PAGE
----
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Can Quakerism Survive the Airplane?

One of the greatest challenges for this generation of Quakerism will be figuring out how to adapt our traditional practices to a society in which human mobility and information technology have reached a level never seen before. For the first three hundred years or so, the Religious Society of Friends could count on a certain level of geographical stability on the part of its membership. Most people lived and died in the same time zone. When Friends did move, we often did so as a community, re-establishing our social context wherever we migrated to – be it Rhode Island, the Carolinas, Ohio, Kansas or Oregon.

Our present generation lacks the stability – dedication to place and community – that was normative for the first three centuries of our history. All of our structures – Monthly, Quarterly and Yearly Meetings; Ministry, Eldership and Oversight; and the seemingly endless committee structures that have blossomed over the years – all of them were developed in the context of geographically stable, covenantal community.

How might Friends today adapt to the radical itinerancy of our (post) modern context? How do we maintain the spirit of our tradition while re-examining the old forms that often seem poorly adapted to our new situation? How are we being called to re-evaluate our lifestyles to discern when our lives ought to conform themselves to tradition, rather than insisting that tradition conform itself to the exigencies of mainstream 21st-century society?

Are we being called to question our radical mobility? What are the social consequences of our detachment from place? What are the ecological consequences of our dependence on fossil-fueled transportation, particularly air travel? What are the spiritual ramifications of our choice to participate in the wider culture’s nonchalance about place, community and rootedness?

  • What wonderful questions! Some of which I hadn’t thought of before. Or framed quite that way. I wonder if our systems of meetings, governance, eldering, etc, are disrupted? I have been concerned about our attempts to “build community” on the internet (yet here I am engaging the topic with someone who I’ve never met, rather than people in my own meeting)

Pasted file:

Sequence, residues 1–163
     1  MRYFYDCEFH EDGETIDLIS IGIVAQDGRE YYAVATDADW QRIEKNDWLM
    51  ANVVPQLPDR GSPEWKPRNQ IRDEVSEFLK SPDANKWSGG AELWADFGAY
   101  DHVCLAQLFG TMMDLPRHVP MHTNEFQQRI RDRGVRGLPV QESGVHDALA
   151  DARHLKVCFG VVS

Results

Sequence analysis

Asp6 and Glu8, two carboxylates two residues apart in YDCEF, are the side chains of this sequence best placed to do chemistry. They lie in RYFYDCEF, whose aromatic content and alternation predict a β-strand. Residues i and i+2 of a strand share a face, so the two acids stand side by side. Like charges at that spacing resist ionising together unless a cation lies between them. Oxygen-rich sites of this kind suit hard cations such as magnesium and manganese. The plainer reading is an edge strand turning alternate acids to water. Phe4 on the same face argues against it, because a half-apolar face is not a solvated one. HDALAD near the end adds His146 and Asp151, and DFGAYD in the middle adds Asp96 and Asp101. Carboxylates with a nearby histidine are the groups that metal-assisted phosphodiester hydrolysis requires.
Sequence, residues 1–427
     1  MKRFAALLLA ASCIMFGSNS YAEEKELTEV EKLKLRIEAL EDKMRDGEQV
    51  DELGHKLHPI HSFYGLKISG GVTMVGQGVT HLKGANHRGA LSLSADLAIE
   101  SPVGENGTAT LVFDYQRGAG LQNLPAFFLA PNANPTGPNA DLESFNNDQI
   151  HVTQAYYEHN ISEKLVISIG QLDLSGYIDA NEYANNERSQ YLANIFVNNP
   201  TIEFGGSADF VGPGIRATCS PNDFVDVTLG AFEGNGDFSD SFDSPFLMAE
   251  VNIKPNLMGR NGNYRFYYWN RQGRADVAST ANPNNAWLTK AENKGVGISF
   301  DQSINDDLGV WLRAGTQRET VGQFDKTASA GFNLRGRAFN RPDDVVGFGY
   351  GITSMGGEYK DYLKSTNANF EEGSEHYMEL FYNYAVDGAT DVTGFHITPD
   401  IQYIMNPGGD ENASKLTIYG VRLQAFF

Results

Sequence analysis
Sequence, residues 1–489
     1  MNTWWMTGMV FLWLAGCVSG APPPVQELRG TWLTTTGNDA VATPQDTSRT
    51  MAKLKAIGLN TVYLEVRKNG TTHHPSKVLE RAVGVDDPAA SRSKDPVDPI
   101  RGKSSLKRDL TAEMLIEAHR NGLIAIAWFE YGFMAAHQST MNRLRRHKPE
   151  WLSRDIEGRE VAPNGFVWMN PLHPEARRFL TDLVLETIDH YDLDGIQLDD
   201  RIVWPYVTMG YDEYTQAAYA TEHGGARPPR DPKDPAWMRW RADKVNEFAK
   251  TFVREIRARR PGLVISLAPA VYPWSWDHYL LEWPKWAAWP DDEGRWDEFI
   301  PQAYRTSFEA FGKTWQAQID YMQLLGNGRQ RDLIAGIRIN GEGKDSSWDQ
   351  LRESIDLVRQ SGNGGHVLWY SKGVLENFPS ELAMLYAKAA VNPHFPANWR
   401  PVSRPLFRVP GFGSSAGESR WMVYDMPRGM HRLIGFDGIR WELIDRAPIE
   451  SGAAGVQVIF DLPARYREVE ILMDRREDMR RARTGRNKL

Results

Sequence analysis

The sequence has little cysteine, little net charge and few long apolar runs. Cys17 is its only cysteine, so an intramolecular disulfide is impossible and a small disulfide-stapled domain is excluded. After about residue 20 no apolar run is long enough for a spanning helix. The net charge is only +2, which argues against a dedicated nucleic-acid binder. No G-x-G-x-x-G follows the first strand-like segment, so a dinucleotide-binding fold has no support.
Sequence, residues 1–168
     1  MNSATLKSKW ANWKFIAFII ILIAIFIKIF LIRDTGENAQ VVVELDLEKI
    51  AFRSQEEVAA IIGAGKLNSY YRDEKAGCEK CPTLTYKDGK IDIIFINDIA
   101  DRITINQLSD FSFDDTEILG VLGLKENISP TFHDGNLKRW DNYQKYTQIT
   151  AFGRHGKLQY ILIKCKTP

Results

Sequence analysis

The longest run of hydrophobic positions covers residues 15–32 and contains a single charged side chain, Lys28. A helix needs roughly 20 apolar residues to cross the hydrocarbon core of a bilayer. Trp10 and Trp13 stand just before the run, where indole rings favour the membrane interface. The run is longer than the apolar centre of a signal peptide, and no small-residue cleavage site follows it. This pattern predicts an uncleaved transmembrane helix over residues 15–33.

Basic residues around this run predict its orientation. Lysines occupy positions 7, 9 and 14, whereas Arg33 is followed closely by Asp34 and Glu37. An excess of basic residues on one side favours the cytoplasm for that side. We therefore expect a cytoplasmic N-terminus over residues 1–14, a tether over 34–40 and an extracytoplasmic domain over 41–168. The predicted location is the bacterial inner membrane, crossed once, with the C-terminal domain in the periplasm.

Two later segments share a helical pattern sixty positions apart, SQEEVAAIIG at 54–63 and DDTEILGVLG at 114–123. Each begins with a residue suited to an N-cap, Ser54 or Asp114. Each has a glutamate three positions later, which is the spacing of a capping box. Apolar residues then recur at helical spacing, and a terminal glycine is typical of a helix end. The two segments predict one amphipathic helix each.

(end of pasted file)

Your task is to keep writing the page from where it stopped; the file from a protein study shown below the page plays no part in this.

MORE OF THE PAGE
I’ve often wished for some sort of quaker community to really do something radically different in today’s world. I wonder if there is a call for quakers (and others of conscience) to various forms of witness that would distance us from the civilization most of us live in (I find it sad and silly that we’re known for not dancing or singing, and for wearing funny clothes – but what if we were known for not driving cars, for growing our own food, for living in tight-knit, loveing, supportive (and welcoming!) communities? – I think that would be kinda cool)

  • Interesting post Micah. I certainly have sympathy for the call to less busyness! That said, haven’t Quakers always travelled a lot? After all, Penn, Fox et al journeyed extensively in Europe and the New World. I suppose if they didn’t, Quakers would still be a local sect in North West England.

  • The cost of travel, let alone the cost of moving, can be expected to soar in the decade 2011 – 2020, as world demand for oil exceeds world supply by a greater and greater margin.

    The age of American automobility, which began in the 1920s when Henry Ford made cars generally affordable, is drawing to a close. (As is the age of affordable groceries for everyone in the USA!)

    One might say, then, that U.S. residents can be expected to go back to living their lives in one place — except that, in the 2020s, it looks like we will be facing some new and very different challenges caused by accelerating climate change. We will be entering an age, not of personal automobility, but of large-scale forced migrations, with many deaths along the way.

    I think asking “how might Friends today adapt to the radical itinerancy of our (post) modern context” is asking how might Friends adapt to yesterday’s tomorrow. Today’s tomorrow is a different and much stinkier kettle of fish.

  • jeremy mott

    Micah amd Friends: This was a good comment, but I agree with Michael. We also must prepare both spiritually amd physically for the continuation and expansion of the “war on terror.” Already
    Iraq, Afghanistan, Pakistan, Yemen, and Somalia are engulfed.
    The United States may well be
    attacked directly again. Many
    Friends will want to fight for the
    U.S.A. in this war, not for Jesus.
    Our peace testimony is weak now.
    How can we work on global climste
    change in the midst of a great war?